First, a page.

Alderman Russell W. Stamper, II issued a public statement on March 26 that Milwaukee residents must take the coronavirus Stay-at-Home order seriously, or face the severe consequences.

The deadly coronavirus (COVID-19) is spreading fast among Milwaukee’s African American population, and it has already claimed the lives of several African American men here. But those deaths – and a strict citywide Stay-at-Home order – don’t seem to be getting the attention of enough people in the community.

The coronavirus pandemic is deadly serious, and all Milwaukee residents need to start getting the message immediately!

In fact, Milwaukee Police have indicated that they will begin enforcing the Stay-at-Home order where needed, especially when they see people congregating and conducting “business as usual” in violation of the order. MPD reports that problems with compliance have been especially bad on the north side, and even in 15th District.

To be clear, on Monday, March 23, Milwaukee’s Health Commissioner issued the Stay-at-Home order, imposing a city-wide requirement to mitigate the spread of COVID-19. The order took effect early yesterday and will continue to be in effect until it is extended, rescinded, superseded, or amended in writing.

During the Stay-at-Home order, all public and private gatherings of any number of people occurring outside a single household or living unit are prohibited, except for a few limited purposes. Nothing in the order prohibits the gathering of members of a household or living unit.

All travel, including, but not limited to, travel on foot, bicycle, scooter, motorcycle, automobile, or public transit – except essential travel and essential activities as defined in the order – is prohibited. People riding on public transit – especially MCTS buses – must comply with social distancing requirements to the greatest extent feasible.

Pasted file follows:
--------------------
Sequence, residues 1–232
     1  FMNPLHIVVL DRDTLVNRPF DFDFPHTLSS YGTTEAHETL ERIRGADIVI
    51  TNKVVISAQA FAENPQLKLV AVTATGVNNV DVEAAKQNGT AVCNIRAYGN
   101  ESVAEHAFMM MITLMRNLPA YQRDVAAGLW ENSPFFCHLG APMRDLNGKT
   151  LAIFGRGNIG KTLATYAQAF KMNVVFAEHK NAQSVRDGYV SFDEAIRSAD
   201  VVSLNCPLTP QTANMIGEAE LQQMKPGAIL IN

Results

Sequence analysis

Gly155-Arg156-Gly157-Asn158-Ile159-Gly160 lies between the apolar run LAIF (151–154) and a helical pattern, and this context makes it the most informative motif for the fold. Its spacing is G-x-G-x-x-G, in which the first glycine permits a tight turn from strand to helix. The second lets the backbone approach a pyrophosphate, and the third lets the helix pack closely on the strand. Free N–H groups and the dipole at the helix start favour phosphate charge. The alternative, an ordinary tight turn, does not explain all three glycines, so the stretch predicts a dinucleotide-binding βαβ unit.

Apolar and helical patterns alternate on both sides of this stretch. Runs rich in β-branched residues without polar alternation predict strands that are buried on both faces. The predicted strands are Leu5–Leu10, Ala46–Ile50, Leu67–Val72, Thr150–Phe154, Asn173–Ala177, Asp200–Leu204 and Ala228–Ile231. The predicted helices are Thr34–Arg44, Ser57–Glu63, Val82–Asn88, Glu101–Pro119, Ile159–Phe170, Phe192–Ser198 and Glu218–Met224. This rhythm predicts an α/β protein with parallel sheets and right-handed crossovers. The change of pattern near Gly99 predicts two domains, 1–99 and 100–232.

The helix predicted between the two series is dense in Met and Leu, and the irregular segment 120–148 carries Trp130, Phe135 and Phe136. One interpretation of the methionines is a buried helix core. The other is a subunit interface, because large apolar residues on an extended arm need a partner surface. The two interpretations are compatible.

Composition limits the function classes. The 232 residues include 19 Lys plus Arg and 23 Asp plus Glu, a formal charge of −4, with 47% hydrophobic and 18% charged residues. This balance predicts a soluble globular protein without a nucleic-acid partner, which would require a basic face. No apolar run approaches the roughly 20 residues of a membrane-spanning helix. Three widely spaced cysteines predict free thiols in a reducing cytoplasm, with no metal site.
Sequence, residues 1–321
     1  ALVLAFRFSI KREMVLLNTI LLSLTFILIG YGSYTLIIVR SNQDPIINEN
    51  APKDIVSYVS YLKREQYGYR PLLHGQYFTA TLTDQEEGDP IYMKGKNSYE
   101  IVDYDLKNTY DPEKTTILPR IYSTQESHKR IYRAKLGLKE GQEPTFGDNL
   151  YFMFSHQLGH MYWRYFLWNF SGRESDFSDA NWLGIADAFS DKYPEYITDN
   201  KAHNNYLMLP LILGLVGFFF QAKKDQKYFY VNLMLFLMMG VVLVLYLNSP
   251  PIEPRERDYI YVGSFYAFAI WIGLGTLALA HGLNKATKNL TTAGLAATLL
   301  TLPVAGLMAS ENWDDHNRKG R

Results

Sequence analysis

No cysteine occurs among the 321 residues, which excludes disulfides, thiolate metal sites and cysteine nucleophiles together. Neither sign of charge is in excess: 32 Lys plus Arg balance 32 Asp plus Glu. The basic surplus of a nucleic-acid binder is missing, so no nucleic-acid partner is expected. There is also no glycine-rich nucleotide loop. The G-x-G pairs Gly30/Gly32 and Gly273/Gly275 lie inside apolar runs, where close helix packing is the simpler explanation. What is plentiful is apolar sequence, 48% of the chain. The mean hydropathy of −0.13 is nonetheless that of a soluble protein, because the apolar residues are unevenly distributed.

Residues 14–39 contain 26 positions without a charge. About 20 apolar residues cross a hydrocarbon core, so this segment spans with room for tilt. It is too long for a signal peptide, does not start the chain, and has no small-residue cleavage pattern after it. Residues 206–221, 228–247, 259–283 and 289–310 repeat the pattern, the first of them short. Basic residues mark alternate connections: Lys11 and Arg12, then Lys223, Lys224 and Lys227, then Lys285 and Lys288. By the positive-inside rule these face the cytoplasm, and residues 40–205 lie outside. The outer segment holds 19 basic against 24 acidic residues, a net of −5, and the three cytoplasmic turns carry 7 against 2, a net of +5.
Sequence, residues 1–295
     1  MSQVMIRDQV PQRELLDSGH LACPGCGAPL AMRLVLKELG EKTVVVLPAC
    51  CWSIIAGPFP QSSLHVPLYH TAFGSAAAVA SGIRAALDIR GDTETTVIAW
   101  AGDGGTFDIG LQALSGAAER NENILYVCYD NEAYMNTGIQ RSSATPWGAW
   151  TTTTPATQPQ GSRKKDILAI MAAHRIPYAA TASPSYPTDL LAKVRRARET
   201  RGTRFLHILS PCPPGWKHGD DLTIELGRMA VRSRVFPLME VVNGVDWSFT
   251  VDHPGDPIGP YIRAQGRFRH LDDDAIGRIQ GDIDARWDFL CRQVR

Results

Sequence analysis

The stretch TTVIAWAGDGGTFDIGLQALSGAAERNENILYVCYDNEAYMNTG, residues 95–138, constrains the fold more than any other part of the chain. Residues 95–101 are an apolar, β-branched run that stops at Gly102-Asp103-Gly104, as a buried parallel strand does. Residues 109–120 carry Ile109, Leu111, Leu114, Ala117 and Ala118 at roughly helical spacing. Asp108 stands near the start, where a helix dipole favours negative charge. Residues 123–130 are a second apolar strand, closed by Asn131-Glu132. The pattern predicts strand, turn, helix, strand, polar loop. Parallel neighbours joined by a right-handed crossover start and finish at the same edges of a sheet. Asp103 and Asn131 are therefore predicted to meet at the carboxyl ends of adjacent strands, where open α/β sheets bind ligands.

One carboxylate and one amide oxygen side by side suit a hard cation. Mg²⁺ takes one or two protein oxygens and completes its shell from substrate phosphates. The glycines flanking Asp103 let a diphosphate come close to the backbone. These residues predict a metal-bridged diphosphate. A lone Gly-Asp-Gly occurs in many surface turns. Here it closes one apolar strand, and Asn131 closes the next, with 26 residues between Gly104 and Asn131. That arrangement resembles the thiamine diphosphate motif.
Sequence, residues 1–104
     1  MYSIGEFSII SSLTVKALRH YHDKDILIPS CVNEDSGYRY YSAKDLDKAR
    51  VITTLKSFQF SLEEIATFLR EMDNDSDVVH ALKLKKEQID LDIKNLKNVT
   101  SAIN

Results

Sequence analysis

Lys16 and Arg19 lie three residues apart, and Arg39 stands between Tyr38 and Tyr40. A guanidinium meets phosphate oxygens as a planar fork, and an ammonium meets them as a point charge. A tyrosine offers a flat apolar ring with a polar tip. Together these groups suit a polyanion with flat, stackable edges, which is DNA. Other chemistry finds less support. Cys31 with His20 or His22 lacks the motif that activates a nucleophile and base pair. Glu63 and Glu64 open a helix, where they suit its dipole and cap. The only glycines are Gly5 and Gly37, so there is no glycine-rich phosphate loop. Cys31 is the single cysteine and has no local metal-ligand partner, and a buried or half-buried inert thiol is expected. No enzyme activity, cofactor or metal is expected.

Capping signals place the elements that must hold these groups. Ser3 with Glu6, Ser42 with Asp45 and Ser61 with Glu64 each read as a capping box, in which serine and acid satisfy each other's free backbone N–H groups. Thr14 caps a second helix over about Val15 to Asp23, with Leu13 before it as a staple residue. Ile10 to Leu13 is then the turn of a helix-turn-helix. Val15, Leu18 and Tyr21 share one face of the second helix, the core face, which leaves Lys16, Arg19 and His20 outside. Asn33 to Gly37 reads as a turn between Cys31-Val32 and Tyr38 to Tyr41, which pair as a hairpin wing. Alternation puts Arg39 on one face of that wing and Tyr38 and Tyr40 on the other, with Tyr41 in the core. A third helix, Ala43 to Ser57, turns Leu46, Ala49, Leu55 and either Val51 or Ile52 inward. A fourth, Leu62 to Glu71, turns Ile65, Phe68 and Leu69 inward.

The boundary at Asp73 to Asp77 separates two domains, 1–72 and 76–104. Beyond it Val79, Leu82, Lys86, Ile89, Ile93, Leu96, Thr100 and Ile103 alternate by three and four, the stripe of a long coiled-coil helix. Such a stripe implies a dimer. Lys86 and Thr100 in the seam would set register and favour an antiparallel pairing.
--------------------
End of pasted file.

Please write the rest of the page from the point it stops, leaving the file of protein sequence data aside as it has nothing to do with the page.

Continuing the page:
People are allowed to leave their homes to engage in activities or perform tasks essential to their health and safety, or to the health and safety of their family or household members (including, but not limited to, pets), such as (by way of example only and without limitation) obtaining medical supplies or medication, visiting a health care professional, or obtaining supplies they need to work from home.

Residents may also leave their home to obtain necessary services or supplies for themselves and their family or household members, or to deliver those services or supplies to others, such as canned food, dry goods, fresh fruits and vegetables, pet supply, fresh meats, fish, and poultry, and any other household consumer products, and products necessary to maintain the safety, sanitation, and essential operation of their home.

People are allowed to engage in outdoor activity, provided they practice social distancing, and this can include walking, running or hiking. Games of basketball (and soccer) should be avoided because of the physical contact involved, and ALL playgrounds are closed and must be avoided to combat the spread of the deadly virus.

People are allowed to leave home to perform work providing essential products and services (as defined in the order) and to care for a family member, friend, or pet in another household, and to transport family members, friends, or pets as allowed by the order.

Lastly, residents will be allowed to travel to the polls to vote in the spring election on April 7 – or to work at polling locations or to count ballots. To avoid the need to go to a polling location, residents may still request an absentee ballot online at or by calling 414-286-VOTE.

COVID-19 is highly transmissible and is 10 times deadlier than the seasonal influenza! NO ONE is immune and there is no vaccine, and it can be especially deadly for those with underlying medical conditions and issues such as asthma, diabetes, heart and pulmonary disease, cancer patients and anyone 65 or older.

I cannot stress strongly enough how important it is for everyone to immediately stay home and comply with the Stay-at-Home order so we can stop the spread of the coronavirus and protect the health of the community.

Russell W. Stamper, II

Lee Matz

The Milwaukee Independent began reporting on what was then referred to as the mysterious “Wuhan Virus” in January 2020. Other local media did not picked-up on the story until many weeks later. Our early features focused on the economic impact, social issues, and health concerns long before other Milwaukee news organizations even mentioned the coronavirus. Over the following year, we have published hundreds of articles about the pandemic and how it has affected the lives of Milwaukee residents. This extensive body of work can be found on our COVID-19 Special Report page, a chronological index of links by month. Our editorial voice remains dedicated to informing the public about this health crisis for as long as it persists.
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